The SEC has fined a well respected Mutual Fund manager for allegedly violating its own investment policies.
The Wall Street Journal article Pax Funds Strayed From Its Mission reports that Pax World Management Corp., one of the best-known “socially responsible” investment firms, settled SEC charges that it violated its own rules against purchasing shares in companies involved in such businesses as defense, alcohol, tobacco and gambling.
The SEC alleged that, from 2001 through 2005, Pax World Growth Fund and Pax World High Yield Bond Fund failed to screen 41 stocks and bonds at all to see if they met socially responsible criteria. Pax agreed to pay a $500,000 fine to settle the charges.
ETFs Do a Better Job of Staying on Target
Unlike mutual funds, exchange traded funds (ETFs) are less likely to stray from their mission because the vast majority of them are tied to an index.
The index composition is typically set by a committee in a public fashion and changes are announced before implemenation by ETF managers. That compares to the typical mutual fund which selects holdings behind closed doors and discloses them only a few times a year.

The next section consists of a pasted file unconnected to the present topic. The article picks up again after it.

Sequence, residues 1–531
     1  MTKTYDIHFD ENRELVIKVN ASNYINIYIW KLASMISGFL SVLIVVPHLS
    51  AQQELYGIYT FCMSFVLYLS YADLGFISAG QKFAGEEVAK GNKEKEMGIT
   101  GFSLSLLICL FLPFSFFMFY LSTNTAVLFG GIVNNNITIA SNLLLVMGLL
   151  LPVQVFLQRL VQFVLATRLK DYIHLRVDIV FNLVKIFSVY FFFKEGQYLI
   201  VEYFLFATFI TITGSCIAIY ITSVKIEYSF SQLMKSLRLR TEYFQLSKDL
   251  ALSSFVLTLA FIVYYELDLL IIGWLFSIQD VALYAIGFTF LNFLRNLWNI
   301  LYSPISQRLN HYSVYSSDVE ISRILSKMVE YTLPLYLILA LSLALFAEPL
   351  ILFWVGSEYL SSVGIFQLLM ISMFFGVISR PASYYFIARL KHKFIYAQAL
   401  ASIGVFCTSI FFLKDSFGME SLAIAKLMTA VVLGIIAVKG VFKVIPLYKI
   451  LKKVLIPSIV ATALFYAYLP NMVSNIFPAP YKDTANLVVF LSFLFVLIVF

The tracking error of ETFs is closely watched each trading day and is self-correcting. Mutual funds can stray from their investment policy for long periods of time. In Pax’s case, the alleged violations go back to 2001.
Socially Responsible Investing is Possible with ETFs
Exchange traded funds provide investors with a way to build a socially responsible portfolio. The KLD 400 Social Index Fund (DSI) invests in companies that KLD determines have positive environmental, social and governance characteristics.
The KLD Select Social Index Fund (KLD) invests in large capitalization companies that KLD determines have positive social and environmental characteristics, while at the same time maintaining risk and return characteristics similar to the Russell 1000 Index.
KLD is KLD Research & Analytics, a provider of social research and indexes for institutional investors.